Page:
16 For God so loved the world that he gave[g] his only Son, so that everyone who believes in him might not perish but might have eternal life. 17 For God did not send his Son into the world to condemn[h] the world, but that the world might be saved through him. 18 Whoever believes in him will not be condemned, but whoever does not believe has already been condemned, because he has not believed in the name of the only Son of God. 19 [i]And this is the verdict, that the light came into the world, but people preferred darkness to light, because their works were evil. 20 For everyone who does wicked things hates the light and does not come toward the light, so that his works might not be exposed. 21 But whoever lives the truth comes to the light, so that his works may be clearly seen as done in God.

Footnotes:

  1. 3:1–21 Jesus instructs Nicodemus on the necessity of a new birth from above. This scene in Jerusalem at Passover exemplifies the faith engendered by signs (Jn 2:23). It continues the self-manifestation of Jesus in Jerusalem begun in Jn 2. This is the first of the Johannine discourses, shifting from dialogue to monologue (Jn 3:11–15) to reflection of the evangelist (Jn 3:16–21). The shift from singular through Jn 3:10 to plural in Jn 3:11 may reflect the early church’s controversy with the Jews.
  2. 3:1 A ruler of the Jews: most likely a member of the Jewish council, the Sanhedrin; see note on Mk 8:31.
  3. 3:3 Born: see note on Jn 1:13. From above: the Greek adverb anōthen means both “from above” and “again.” Jesus means “from above” (see Jn 3:31) but Nicodemus misunderstands it as “again.” This misunderstanding serves as a springboard for further instruction.
  4. 3:8 Wind: the Greek word pneuma (as well as the Hebrew rûah) means both “wind” and “spirit.” In the play on the double meaning, “wind” is primary.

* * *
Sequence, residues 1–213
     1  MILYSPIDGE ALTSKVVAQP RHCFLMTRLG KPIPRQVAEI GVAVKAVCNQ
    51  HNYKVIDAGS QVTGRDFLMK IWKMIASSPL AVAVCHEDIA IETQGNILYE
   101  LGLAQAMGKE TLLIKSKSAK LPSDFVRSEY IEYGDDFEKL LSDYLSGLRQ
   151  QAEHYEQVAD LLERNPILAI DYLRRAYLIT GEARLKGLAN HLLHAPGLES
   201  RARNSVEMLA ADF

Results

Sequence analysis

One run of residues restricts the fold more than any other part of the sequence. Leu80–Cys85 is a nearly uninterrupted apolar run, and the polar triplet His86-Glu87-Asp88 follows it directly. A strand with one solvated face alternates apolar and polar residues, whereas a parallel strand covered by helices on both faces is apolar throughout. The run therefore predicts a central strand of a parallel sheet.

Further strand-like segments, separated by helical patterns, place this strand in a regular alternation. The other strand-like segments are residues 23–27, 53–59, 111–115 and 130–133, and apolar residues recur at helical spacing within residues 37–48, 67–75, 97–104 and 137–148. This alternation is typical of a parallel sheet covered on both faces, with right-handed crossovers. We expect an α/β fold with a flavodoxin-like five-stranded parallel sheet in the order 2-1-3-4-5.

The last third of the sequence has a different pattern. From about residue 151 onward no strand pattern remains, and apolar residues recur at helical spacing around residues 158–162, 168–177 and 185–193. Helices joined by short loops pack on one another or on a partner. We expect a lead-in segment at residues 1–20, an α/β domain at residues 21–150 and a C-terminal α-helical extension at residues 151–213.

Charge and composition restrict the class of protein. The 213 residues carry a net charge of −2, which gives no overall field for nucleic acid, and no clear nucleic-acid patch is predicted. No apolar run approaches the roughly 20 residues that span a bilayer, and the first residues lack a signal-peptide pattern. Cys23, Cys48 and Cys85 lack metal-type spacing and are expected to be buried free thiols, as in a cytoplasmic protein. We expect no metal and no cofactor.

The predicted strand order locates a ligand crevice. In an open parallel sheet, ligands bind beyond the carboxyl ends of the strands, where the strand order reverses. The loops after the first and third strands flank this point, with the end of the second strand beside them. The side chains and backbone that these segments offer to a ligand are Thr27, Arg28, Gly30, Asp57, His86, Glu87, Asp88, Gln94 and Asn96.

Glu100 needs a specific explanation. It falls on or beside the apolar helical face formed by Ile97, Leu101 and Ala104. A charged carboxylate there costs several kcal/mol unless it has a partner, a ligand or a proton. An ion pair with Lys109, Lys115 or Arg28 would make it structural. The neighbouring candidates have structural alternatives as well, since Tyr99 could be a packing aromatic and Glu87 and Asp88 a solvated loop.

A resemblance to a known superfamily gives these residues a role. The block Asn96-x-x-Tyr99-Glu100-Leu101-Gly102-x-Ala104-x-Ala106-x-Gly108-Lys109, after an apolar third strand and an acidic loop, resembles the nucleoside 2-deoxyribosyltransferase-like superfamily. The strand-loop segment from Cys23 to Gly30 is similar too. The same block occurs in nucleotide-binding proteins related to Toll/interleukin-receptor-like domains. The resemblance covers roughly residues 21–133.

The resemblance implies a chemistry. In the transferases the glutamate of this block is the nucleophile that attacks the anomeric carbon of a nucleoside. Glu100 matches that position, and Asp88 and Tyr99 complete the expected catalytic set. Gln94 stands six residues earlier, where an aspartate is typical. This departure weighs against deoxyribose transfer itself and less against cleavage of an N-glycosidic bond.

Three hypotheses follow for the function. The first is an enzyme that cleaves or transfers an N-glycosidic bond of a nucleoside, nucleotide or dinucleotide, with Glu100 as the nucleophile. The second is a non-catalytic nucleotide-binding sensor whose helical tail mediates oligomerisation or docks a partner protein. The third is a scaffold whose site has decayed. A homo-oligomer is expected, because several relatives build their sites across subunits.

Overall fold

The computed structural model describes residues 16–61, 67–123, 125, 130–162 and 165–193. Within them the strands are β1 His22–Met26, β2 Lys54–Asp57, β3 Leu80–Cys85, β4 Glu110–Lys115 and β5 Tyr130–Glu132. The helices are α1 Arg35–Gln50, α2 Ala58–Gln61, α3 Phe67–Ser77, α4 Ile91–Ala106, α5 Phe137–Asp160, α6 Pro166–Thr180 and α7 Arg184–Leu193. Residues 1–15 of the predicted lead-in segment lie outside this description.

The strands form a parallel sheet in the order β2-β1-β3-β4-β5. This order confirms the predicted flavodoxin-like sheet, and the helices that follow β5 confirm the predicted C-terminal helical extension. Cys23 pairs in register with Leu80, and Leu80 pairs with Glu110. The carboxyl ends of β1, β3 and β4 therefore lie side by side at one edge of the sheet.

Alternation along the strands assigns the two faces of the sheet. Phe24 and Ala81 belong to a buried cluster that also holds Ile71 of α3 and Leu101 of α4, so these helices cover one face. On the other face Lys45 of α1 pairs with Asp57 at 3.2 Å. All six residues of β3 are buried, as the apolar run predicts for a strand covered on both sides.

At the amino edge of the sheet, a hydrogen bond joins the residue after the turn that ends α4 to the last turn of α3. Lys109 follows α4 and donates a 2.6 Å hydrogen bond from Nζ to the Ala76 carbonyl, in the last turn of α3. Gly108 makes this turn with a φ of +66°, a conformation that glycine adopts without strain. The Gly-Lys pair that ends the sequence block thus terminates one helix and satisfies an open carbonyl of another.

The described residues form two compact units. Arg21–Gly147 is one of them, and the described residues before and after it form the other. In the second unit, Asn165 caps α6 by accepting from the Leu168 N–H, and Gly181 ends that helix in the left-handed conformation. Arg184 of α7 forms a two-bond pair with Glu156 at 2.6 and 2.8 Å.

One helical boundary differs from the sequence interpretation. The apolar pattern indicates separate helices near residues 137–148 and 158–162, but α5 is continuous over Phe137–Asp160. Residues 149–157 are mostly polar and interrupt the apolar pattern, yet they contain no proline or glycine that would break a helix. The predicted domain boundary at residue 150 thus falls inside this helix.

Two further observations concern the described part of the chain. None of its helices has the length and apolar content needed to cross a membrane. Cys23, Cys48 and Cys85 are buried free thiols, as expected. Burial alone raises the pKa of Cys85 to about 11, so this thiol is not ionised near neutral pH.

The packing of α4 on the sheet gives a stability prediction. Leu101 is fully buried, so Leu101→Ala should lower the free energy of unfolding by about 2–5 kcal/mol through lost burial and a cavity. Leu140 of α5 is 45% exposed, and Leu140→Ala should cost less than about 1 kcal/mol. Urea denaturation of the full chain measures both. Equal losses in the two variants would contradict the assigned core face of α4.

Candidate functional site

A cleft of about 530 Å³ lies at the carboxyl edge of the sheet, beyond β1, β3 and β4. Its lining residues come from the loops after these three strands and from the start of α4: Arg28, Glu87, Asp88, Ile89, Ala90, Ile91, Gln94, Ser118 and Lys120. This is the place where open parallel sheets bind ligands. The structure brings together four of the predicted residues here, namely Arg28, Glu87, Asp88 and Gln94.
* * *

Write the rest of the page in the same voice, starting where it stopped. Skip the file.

5. 3:14 Lifted up: in Nm 21:9, Moses simply “mounted” a serpent upon a pole. John here substitutes a verb implying glorification. Jesus, exalted to glory at his cross and resurrection, represents healing for all.
  6. 3:15 Eternal life: used here for the first time in John, this term stresses quality of life rather than duration.
  7. 3:16 Gave: as a gift in the incarnation, and also “over to death” in the crucifixion; cf. Rom 8:32.
  8. 3:17–19 Condemn: the Greek root means both judgment and condemnation. Jesus’ purpose is to save, but his coming provokes judgment; some condemn themselves by turning from the light.
  9. 3:19 Judgment is not only future but is partially realized here and now.
New American Bible (Revised Edition) (NABRE)

Scripture texts, prefaces, introductions, footnotes and cross references used in this work are taken from the New American Bible, revised edition © 2010, 1991, 1986, 1970 Confraternity of Christian Doctrine, Inc., Washington, DC All Rights Reserved. No part of this work may be reproduced or transmitted in any form or by any means, electronic or mechanical, including photocopying, recording, or by any information storage and retrieval system, without permission in writing from the copyright owner.